Tumorigenicity assay in nude rats
Subsequently, thirty 4-week old specific-pathogen free (SPF) grade nude rats (provided by Medical Laboratory Animal Center of Zhongshan University) weighing 22–27g, male and female in half. Rats were fed in SPF level clean room and had access to food and water. The transfected NSCLC cells in logarithmic growth phase were adjusted to 1 × 107 cells/ml with RPMI 1640 medium, and 200 μl cells were injected into nude rats through the right-side armpit skin (n=5 per group). The rats of each group were then fed in the same environment, and the tumors were observed and recorded once a week from first week. The volumes of the tumor = length × width2/2. Rats were killed in fifth week and tumors were taken out and photographed. Animal use and all experimental procedures were carried out in accordance with Guidelines for the management and use of experimental animals and approved by Experimental Animal Ethics Committee of Tongren Hospital in China.
SPSS 22.0 software (IBM Corp., Armonk, NY, U.S.A.) was applied for data analyses. Measurement data were expressed as mean ± S.D. (x ± s). Comparisons between two groups were conducted using a Student’s t test. Comparisons amongst multiple groups were examined by one-way ANOVA for variation analysis and significance analysis. The normality test was conducted using the Kolmogorov–Smirnov method. Normally distributed data amongst multiple groups were compared using one-way ANOVA with Tukey’s post-hoc test, while skewed data distributed amongst multiple groups were analyzed using Dunn’s multiple comparison for post-hoc tests following Kruskal–Wallis testing. P<0.05 was indicative of statistical significance.
Bioinformatics prediction of NSCLC-associated miRNA and target gene
A systematic multistep approach combining miRNA and mRNA expression profiles and bioinformatics analysis was adopted to identify the NSCLC-specific interactions between miRNAs and mRNAs. According to the information screened from analysis of gene chip GSE19804 and GSE27262, we identified a total of 120 and 311 differentially expressed genes via setting |logFC| > 2.0 and adj.P.Val < 0.01 as threshold values. The top ten differential expression genes were selected and expressions of these genes were illustrated in the heat maps (Figures 1 and 2). Compared with adjacent normal tissues, COL10A1 was extremely highly expressed in lung cancer tissues in GSE19804 and GSE27262 microarrays with a significant difference (all P<0.05) (Figure 3). COL10A1 showed an up-regulation in colorectal cancer and its high expression was correlated with poor prognosis of colorectal cancer [13,16], while little research has been engaged in role of COL10A1 in NSCLC. Therefore, our study focussed on the impact of COL10A1 in NSCLC and possible molecular mechanism of regulating COL10A1. To predict potential miRNAs participating in modulating COL10A1 expression, three miRNA prediction tools, TargetScan, RNA22, and miRNApath, were applied and 314, 1645, and 23 miRNAs predicted to combine with COL10A1 were identified, respectively. Amongst these results obtained by three tools, hsa-miR-384 and hsa-miR-581 were common miRNAs in Venn diagram (Figure 4). There was little study in regard to miR-581 in cancer research, while miR-384 has been proved to inhibit cell proliferation and migration in several cancers [10,21,22]. Considering that the role of miR-384 in NSCLC still remains unknown, we put forward the hypothesis that miR-384 is likely modulating the NSCLC through interacting with COL10A1.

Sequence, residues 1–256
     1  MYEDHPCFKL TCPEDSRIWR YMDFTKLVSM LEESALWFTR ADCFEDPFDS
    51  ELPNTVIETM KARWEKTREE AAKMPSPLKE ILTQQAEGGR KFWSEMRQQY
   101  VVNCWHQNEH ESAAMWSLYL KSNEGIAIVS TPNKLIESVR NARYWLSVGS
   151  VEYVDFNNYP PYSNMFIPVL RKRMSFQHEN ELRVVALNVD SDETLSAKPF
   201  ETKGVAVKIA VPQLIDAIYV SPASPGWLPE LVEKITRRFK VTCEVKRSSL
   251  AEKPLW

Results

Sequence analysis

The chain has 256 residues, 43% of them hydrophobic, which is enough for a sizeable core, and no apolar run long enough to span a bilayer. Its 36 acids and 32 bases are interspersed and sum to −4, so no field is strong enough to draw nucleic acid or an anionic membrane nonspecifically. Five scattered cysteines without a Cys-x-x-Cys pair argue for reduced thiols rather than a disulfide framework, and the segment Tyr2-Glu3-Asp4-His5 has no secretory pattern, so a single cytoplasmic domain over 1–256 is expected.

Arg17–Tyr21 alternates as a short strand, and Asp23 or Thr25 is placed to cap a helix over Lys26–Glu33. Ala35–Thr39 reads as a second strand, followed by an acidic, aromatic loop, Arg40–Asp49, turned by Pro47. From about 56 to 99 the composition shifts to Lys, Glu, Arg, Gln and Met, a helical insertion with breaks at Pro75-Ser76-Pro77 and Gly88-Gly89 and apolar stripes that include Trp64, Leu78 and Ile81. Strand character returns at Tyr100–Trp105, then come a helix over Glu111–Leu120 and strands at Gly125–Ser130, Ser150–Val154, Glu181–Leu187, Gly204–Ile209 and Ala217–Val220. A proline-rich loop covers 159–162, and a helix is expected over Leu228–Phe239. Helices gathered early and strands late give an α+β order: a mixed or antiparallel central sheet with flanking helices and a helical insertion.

Differentially expressed genes in GSE19804
Differentially expressed genes in GSE2726